England, Northern Ireland, Wales and Scotland will all bear the same 12.6% cut in their allocation of the CAP budget, the government has confirmed.
The announcement by DEFRA on 8 November means Scotland’s bid to have a larger share of the €27.6bn CAP budget over the next seven years has been rejected.
The department said it made the decision after extensive consultation.
DEFRA secretary Owen Paterson said: “We’ve worked closely with farmers and ministers from Scotland, Wales and Northern Ireland to make sure that this is fairly allocated across the UK.”
But the Scottish Government was left fuming.
It had lobbied for Scotland to get all of the UK’s €230m (£194m) convergence uplift payment – extra funding paid to compensate disadvantaged agricultural areas.
A statement by the Scottish Parliament said that farmers north of the border would be deprived of hundreds of millions of euros in European subsidies that was rightfully theirs.
Scotland’s rural affairs secretary Richard Lochhead added:
“This is a disgraceful budget settlement for Scotland’s farmers and crofters and confirms our worst fears. It condemns Scottish farmers and crofters to the lowest CAP payments in Europe and completely disregards both the cross party demands in the Scottish Parliament and the wishes of the European Union.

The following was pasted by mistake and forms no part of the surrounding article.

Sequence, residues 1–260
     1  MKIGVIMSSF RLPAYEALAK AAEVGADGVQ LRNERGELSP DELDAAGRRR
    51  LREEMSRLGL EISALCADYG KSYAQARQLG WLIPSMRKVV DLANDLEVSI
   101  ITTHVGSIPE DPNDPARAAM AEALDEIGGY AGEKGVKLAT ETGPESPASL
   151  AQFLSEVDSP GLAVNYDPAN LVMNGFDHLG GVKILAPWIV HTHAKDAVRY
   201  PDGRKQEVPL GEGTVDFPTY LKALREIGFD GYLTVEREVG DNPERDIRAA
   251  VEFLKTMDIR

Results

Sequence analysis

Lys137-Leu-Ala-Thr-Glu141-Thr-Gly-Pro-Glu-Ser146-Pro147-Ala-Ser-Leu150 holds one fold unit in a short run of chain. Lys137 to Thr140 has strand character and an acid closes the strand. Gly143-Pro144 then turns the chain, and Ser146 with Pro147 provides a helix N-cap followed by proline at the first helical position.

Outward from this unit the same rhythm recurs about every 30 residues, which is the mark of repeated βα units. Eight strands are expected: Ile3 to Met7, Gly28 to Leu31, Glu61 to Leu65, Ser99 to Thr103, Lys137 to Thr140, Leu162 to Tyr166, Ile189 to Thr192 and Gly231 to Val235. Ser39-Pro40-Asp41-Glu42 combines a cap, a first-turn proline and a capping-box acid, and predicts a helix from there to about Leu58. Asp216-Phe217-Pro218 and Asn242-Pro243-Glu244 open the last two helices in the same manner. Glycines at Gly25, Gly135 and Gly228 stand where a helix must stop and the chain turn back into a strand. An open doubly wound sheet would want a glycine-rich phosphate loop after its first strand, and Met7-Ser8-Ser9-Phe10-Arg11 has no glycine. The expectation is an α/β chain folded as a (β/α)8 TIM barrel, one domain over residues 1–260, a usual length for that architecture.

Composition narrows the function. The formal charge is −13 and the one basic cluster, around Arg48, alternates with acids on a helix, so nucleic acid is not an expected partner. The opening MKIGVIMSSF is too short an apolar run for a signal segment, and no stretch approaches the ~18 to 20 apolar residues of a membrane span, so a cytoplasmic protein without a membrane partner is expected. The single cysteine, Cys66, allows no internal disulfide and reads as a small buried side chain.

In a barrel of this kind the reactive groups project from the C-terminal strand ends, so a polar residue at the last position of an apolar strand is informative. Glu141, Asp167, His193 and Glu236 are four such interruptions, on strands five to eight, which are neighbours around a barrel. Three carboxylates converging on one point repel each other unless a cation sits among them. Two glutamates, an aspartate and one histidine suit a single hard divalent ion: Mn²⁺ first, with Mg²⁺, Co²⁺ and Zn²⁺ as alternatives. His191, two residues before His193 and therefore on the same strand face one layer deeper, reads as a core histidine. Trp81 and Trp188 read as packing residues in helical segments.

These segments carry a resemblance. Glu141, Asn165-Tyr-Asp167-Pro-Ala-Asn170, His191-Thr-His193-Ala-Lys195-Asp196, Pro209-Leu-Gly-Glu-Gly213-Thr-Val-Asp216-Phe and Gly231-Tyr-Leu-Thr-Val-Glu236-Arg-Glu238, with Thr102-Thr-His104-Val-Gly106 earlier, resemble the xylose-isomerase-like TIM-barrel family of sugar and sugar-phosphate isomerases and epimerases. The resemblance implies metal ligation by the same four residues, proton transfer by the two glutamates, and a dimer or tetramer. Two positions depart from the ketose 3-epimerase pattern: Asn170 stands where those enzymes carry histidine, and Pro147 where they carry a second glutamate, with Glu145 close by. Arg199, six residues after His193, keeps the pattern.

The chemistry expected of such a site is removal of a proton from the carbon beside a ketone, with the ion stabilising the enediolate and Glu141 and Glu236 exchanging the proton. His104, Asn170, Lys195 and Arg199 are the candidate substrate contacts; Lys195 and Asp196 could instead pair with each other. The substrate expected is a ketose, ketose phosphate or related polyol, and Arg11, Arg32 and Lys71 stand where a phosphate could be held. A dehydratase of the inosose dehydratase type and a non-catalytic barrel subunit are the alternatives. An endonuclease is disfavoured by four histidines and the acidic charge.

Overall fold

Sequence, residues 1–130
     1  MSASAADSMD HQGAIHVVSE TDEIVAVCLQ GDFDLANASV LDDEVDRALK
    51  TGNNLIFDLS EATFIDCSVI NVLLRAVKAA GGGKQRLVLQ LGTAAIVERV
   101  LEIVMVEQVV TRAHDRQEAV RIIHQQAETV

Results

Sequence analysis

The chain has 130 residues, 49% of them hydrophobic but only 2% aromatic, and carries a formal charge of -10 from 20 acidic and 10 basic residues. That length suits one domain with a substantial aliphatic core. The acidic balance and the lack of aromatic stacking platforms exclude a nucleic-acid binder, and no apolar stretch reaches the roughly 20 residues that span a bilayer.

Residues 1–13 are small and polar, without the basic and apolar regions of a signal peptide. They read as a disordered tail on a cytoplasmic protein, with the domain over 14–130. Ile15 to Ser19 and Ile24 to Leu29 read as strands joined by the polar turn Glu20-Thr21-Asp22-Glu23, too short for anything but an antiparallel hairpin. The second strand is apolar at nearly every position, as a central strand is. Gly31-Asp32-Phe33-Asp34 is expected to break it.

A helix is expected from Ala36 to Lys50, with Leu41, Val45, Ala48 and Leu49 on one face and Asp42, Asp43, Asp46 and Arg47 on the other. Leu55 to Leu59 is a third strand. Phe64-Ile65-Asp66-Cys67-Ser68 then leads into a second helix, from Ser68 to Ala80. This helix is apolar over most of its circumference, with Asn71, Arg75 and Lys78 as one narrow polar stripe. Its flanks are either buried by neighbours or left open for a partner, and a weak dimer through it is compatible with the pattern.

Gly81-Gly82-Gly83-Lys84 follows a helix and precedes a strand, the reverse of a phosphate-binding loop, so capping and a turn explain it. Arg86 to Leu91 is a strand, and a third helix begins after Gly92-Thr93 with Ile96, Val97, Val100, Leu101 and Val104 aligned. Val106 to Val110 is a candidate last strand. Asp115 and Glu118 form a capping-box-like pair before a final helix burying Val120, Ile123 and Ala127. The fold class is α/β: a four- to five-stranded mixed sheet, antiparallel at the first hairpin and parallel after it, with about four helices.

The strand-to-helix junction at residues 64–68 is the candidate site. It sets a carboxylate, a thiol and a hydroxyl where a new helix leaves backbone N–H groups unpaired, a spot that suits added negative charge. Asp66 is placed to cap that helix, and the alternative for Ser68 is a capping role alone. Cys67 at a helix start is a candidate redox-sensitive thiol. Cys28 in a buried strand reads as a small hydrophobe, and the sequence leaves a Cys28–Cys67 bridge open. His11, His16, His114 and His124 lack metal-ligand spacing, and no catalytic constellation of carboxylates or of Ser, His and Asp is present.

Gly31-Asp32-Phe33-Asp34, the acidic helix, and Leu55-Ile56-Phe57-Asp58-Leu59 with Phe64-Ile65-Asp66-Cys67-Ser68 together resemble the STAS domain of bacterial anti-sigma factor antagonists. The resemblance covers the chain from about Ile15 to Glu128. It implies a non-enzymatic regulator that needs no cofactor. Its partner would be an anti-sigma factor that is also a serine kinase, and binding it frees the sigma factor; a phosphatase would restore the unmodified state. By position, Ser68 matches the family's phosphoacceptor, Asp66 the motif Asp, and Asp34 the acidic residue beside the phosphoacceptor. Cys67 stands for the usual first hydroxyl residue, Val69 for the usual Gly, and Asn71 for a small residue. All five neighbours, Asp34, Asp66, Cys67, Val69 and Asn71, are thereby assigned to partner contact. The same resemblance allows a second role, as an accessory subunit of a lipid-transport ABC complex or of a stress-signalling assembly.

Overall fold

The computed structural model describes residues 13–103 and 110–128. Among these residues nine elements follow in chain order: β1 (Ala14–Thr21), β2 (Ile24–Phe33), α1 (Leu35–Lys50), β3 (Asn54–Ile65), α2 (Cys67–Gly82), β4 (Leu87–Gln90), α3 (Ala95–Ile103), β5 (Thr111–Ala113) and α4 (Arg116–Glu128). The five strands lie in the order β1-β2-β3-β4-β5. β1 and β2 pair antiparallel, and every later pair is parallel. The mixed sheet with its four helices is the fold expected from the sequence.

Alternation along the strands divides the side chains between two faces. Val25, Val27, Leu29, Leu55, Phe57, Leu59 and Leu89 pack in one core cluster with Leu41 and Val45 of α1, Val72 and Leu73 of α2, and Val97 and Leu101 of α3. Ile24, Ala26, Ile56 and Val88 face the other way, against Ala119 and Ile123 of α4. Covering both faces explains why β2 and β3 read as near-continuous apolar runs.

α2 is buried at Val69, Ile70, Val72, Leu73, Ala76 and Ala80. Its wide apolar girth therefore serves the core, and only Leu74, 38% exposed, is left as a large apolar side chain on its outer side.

“The whole reason the EU brought in the convergence uplift was to benefit those farmers with the lowest per hectare rates, and the only reason the UK qualifies is because of Scotland’s low payments.”
Mr Lochhead said: “The standard method for calculating payment allocations in Europe is the average per hectare amount and any other method invented by UK ministers to deny our farmers a fairer share is nothing more than a red herring.”
Budget allocation. Who gets what?
Over the next seven years, England will receive a pillar 1 or direct payment allocation of about €16.421bn, and a pillar 2 allocation of about €1.52bn.
Scotland will receive a pillar 1 allocation of about €4.096bn, and a pillar 2 allocation of about €478 million.
Wales will receive a pillar 1 allocation of about €2.4bn, and pillar 2 allocation of about €355 million; and Northern Ireland will receive a pillar 1 allocation of about €2.29bn, and a pillar 2 allocation about of €227 million.
This means that each administration will only be subject to an equal percentage cut on pillar 1.
Having taken account of the views of the devolved administrations, DEFRA said it believed this was the most appropriate way to split the settlement across the UK.
More on the CAP reforms